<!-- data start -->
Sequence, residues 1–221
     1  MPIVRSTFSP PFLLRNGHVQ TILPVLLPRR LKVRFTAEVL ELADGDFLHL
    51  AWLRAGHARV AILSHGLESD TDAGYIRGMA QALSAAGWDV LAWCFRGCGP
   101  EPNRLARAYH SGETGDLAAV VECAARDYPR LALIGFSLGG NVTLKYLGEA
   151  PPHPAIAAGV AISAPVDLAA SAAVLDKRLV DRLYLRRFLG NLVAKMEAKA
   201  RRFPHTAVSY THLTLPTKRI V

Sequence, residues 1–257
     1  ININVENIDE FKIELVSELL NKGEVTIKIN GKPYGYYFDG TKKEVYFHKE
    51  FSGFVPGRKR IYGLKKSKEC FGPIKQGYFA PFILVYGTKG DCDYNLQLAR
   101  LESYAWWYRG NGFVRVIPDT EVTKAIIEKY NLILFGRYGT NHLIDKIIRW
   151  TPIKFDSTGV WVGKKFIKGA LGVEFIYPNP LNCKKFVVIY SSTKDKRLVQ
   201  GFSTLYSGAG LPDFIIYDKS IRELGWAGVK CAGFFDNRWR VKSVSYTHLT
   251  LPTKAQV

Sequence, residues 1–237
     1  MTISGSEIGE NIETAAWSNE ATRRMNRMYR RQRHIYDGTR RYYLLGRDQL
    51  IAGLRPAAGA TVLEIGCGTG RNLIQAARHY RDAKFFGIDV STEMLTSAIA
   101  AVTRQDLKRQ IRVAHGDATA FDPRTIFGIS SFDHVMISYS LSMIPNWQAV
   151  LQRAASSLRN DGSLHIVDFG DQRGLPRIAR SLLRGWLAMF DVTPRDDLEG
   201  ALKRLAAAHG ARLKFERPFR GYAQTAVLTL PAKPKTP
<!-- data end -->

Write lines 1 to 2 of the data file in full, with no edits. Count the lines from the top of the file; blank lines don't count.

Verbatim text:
Sequence, residues 1–221
     1  MPIVRSTFSP PFLLRNGHVQ TILPVLLPRR LKVRFTAEVL ELADGDFLHL